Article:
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The Butterfly House at Faust Park, St. Louis, MO

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An unusual flower in the conservatory . .
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Teagardener

Hi Suzy,
I was telling a puzzle friend in Fl. the conservatory had a few hanging ripe fruit trays for the butterflies, but I never saw any flying insects, none. Either this plant or something was doing a good job :) It sure is unique looking! Have a good week . .

pumpkinhead

Pitcher plants are very attractive and do a fine job of catching insects. A nice addition to the Butterfly House. :)

MarinaNephele

They are considered carnivorous, they have some sweet substance which attracts unfortunate insects which fall in the "pitcher" where they drown and get "absorbed" by the host.

Teagardener

@silverfox19134
G’evening Linda,
Yeah, definitely not a cocoon :) Another puzzle friend said it’s a Carnivorous Pitcher plant, meaning it’s most likely not meant for the butterflies, but for the ants, flies and gnats that might be attracted to the very ripe, fruit trays, for the butterflies. That’s our best guess :) This summer I’d like to buy a hanging fruit tray to put on a shepherd’s pole in my garden . . I need something to attract more butterflies :) I’m happy you worked the puzzle!

silverfox19134

Tea.. It looks very fitting to be in a Butterfly house for the shape of it. It is not a cocoon.
Very unusual to be considered a flower. Leave it to you to find it and make it into a puzzle. Great shot. Thank you for posting it. Linda

Teagardener

@jbu
Thank you for doing the puzzle :)
I had never seen this plant either, it’s ‘unique’!
-Tea

Thank you. Have never seen this plant before.

Teagardener

@BACKin15
Hello Donna . . how are you? Thanks for working the puzzle!

Teagardener

@JillianB
I thought about something today, in a few areas around the butterfly house there were hanging flat trays of sliced (very ripe) fruit. And not one sign of flies, gnats or ants . . How were they keeping it ‘bug free’? Jerry probably knows😉. I don’t think it’s the one Pitcher plant, but maybe! Kinda interesting . .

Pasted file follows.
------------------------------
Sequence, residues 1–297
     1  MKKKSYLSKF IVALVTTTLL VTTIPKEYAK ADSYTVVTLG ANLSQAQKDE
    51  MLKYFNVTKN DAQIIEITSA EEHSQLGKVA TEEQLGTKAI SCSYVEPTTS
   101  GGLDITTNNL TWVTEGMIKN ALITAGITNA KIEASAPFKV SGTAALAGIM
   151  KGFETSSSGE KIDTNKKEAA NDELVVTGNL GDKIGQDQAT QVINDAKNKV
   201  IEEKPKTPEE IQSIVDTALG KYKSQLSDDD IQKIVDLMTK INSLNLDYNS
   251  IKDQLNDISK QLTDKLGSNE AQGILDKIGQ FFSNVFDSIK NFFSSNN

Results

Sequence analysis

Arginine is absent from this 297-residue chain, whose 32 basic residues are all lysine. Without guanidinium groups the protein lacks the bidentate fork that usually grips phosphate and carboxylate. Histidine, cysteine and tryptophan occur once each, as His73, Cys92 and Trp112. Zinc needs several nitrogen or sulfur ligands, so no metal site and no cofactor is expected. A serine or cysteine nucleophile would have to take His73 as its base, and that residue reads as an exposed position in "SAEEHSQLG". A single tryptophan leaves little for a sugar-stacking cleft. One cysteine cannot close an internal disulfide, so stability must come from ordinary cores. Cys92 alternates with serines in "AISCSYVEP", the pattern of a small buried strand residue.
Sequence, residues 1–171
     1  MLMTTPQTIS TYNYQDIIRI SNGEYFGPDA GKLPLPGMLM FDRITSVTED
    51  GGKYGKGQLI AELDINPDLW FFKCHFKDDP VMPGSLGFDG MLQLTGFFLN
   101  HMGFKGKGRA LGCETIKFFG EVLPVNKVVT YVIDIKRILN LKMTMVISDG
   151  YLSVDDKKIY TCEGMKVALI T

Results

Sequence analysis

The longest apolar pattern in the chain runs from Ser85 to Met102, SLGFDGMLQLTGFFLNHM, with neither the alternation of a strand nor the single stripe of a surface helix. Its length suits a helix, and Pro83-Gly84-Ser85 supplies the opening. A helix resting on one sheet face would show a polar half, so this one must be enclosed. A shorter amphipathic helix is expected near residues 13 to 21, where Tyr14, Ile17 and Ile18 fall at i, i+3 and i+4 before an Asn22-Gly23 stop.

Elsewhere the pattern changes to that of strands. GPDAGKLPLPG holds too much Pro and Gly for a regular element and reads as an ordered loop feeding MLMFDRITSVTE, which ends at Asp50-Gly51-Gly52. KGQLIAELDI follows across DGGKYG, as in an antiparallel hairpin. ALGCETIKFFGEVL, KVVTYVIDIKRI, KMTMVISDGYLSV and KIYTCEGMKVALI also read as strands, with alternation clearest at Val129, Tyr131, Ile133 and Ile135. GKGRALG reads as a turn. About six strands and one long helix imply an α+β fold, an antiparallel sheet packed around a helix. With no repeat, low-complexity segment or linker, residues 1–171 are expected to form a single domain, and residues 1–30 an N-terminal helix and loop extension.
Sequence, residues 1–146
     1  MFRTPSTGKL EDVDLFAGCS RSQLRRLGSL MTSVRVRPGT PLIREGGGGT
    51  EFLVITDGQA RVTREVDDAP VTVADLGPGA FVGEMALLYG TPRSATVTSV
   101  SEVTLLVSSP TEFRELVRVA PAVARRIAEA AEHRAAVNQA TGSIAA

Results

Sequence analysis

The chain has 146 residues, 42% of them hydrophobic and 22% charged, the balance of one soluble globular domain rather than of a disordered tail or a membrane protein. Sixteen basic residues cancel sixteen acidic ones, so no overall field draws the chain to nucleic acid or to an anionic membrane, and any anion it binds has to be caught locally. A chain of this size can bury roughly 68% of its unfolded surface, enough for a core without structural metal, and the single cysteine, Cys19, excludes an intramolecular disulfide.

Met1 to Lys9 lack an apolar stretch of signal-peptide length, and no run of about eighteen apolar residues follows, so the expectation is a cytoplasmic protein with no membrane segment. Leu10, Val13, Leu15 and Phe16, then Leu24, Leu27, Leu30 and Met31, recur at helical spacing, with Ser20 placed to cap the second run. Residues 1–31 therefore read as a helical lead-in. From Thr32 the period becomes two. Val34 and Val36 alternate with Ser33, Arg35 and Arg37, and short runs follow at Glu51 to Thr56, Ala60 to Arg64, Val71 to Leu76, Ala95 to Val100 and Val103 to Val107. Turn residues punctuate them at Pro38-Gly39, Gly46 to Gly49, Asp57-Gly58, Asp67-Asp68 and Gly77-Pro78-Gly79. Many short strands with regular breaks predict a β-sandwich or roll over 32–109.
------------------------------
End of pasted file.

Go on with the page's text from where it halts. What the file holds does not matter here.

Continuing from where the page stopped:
BACKin15

What Jill said.😊 tfp

JillianB

Yes Tea I did and I have seen them before. This particular one only eats small insects so I guess that means the butterflies are safe, however I agree with you it does seem strange in a conservatory

Teagardener

@JillianB
Thank you Lady Jillian! Did you read what Jerry called it? Now I’m kind of curious why it’s in the conservatory. Interesting :)

JillianB

Such a fascinating plant, great photo Tea. Thank you

Teagardener

@davitai
Thanks Taisia, “interesting” is the best description!
Have a good week :)

Teagardener

@bluebird42
Thank you very much Jacki!
They’re not your average garden variety are they😉

davitai

Very interesting!

bluebird42

WOW! How very beautiful!
Thank you Tea.

Teagardener

@goingsilver
Hello Lorna, yes, it’s dramatic looking!
Thank you for working the puzzle🧩

goingsilver

Dramatic looking flower but having seen Jerry's identification no wonder! Thanks Tea.

Teagardener

. . . The St. Louis Zoo (and it’s butterflies) is already something I’m looking forward to doing the next time😃. Thank you for working the puzzle.

jerrys

@Teagardener It is amazing, indeed. There is another butterfly house on the grounds of the Saint Louis Zoo as part of its Insectarium.

Teagardener

@jerrys
Hi Jerry, yes I did, I stayed in Chesterfield and enjoyed seeing the butterflies on my way home Saturday morning. I’ve never seen anything like this, it was an amazing place to visit!!

jerrys

@Teagardener Ah, one of the carnivorous pitcher plant species beautifully shot. Did you visit our fair city recently?

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